Griffey's speed made up for a lot of his positioning gaffes, and he finished the year with 12 assists and six double plays, the latter tops among American League outfielders. He seemed to be a shoo-in for Rookie of the Year honors until he broke a bone in his left hand in some sort of off-field mishap. There were reports that he hurt himself pounding a table after an argument with his former girlfriend, but Griffey denies that and says the accident occurred when he slipped in the shower in his hotel bathroom. Whatever, the injury put him on the disabled list from July 24 to August 20. When he returned, he was a different hitter. "He was trying to catch up with the other Rookie of the Year candidates with one swing," says Lefebvre. "Pretty typical for a 19-year-old kid, really. He lost his poise."
"I was worrying about hitting the ball 700 feet," says Griffey. "I just wanted 20 home runs."
He placed third in the Rookie of the Year balloting, finishing the season with 16 homers after hitting 13 before the All-Star break. He hit just .181 in September and October, dropping his average for the year to .264. Still, for a 19-year-old who had never played Triple A ball, his 61 RBIs, 61 runs and 16 stolen bases in 127 games made for a titillating debut.
So far this season he hasn't disappointed. If he keeps mashing the ball the way he has in the past two weeks, Griffey may eclipse his 1989 totals by July. "The difference between last year and this year is night and day," says Clines. "He's better now. More disciplined."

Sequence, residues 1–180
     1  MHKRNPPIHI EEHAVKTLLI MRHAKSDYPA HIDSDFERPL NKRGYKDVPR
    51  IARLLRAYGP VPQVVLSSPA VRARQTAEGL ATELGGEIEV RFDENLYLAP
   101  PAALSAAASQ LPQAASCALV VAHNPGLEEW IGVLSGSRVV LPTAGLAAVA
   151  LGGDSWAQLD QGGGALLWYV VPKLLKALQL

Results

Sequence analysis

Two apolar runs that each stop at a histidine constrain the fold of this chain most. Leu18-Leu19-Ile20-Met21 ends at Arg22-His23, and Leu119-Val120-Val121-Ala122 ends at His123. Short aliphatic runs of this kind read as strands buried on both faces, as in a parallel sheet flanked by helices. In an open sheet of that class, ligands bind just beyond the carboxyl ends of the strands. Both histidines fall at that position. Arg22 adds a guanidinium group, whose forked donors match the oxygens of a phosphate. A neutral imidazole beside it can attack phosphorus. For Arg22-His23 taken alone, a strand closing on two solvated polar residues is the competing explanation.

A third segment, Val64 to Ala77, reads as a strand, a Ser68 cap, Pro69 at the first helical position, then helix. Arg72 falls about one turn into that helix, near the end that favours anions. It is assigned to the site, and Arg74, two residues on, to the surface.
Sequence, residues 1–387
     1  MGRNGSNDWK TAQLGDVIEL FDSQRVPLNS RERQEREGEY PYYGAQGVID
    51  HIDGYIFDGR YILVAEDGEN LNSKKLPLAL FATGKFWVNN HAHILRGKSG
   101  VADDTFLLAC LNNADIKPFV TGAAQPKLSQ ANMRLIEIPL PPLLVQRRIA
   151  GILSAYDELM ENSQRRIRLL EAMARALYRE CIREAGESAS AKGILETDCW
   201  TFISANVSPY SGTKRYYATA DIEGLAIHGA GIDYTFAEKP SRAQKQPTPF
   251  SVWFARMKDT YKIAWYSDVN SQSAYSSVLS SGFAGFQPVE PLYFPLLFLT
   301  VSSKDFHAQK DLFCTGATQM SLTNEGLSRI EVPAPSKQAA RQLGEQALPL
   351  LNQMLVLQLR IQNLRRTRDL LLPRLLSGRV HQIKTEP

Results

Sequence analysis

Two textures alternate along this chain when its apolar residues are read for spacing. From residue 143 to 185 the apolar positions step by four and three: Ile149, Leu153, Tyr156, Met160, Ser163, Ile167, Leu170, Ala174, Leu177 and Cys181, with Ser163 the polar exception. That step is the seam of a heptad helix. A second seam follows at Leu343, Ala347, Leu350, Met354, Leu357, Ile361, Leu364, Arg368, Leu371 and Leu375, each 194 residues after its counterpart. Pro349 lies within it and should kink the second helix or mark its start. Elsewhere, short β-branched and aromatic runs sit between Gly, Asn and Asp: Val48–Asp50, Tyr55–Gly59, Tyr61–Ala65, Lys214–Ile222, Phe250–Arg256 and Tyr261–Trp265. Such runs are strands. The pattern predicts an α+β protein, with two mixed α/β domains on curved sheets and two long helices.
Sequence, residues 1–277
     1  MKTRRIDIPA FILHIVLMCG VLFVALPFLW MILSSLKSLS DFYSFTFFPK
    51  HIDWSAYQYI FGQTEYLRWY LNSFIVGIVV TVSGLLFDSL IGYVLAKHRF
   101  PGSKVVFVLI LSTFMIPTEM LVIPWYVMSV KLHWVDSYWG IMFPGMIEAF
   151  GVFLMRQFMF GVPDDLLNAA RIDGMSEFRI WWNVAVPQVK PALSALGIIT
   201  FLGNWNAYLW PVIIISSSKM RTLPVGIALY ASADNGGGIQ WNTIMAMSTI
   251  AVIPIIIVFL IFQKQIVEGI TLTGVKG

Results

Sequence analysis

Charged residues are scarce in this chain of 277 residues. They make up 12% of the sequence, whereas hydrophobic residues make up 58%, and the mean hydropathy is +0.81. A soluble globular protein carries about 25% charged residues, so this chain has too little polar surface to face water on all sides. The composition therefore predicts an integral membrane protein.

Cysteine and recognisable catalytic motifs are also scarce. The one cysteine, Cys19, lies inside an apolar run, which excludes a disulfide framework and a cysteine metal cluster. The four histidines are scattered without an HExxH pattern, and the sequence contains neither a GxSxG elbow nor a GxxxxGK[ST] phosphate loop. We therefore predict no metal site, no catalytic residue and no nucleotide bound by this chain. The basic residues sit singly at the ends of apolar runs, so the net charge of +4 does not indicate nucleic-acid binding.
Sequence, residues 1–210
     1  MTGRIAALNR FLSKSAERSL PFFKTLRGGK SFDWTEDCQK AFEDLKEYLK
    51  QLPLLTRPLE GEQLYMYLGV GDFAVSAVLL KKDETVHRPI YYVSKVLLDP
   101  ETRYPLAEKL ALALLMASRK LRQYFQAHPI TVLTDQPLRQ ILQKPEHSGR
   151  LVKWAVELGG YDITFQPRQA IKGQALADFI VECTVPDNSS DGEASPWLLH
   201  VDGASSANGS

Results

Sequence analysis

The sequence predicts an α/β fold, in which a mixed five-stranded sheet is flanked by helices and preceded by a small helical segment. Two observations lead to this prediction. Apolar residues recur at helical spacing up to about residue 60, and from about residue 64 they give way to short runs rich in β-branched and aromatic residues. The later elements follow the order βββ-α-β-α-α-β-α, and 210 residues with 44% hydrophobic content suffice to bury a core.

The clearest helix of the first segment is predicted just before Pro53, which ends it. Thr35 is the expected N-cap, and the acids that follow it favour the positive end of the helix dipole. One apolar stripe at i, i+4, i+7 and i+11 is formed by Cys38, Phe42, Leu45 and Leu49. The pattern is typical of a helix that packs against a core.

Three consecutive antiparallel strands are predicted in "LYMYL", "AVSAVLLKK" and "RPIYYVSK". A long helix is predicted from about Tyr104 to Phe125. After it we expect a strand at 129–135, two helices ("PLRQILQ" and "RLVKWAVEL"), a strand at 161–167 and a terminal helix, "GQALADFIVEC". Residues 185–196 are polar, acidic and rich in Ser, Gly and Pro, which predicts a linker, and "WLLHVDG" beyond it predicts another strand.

Disciplined? Junior? You would never know it from watching him laughing and clowning during batting practice—at least until a reporter comes around. Griffey was shell-shocked by last year's media crunch: The story of the first father-son tandem in the big leagues was done by all the major newspapers, sports magazines, morning talk shows, PEOPLE, Newsweek, Nightline. When he is interviewed, he becomes a completely different person: He is curt, vague, distracted and fidgety. It is the one part of his job that he suffers rather than enjoys. Other than that, the major leagues are a lark, and around his teammates Griffey is about as happy-go-lucky as they come. "He has so much fun out there that he completely forgets what's going on," says Clines.
Which is what happened last Thursday when the Yankees brought in rookie reliever Alan Mills to face Griffey with runners on first and second and two out in the seventh inning. As Mills warmed up, Griffey was joking in the on-deck circle with Mariners first baseman Pete O'Brien, looking around the stands, laughing. Then he strode to the plate, worked the count to 3 and 1 and smacked a fly ball to deep center, albeit into the glove of centerfielder Roberto Kelly for the third out. Says Bradley, "We had no scouting report on Mills, no one had ever faced him, and Griffey didn't even bother to check out his motion. Then he steps in and has a great at bat. One thing you know about him, he's not going to outthink himself."
"It just adds more pressure to know what a guy throws," says Griffey. "You start looking for this or that, and all of a sudden he's snuck a 37-mile-per-hour fastball by you." Consequently, Griffey eschews studying videotapes to try to pick up a pitcher's patterns and does not keep a little black book on pitchers' strengths and weaknesses. Keep a book? Good heavens. He can't even keep their names straight.
"I still can't tell you who's who," Griffey admits. "I don't know who's pitching tonight. I don't even know the schedule. How am I supposed to know who's pitching? I couldn't care less. He's still got to throw me something I can hit."
And, for Junior, that is when the fun really begins.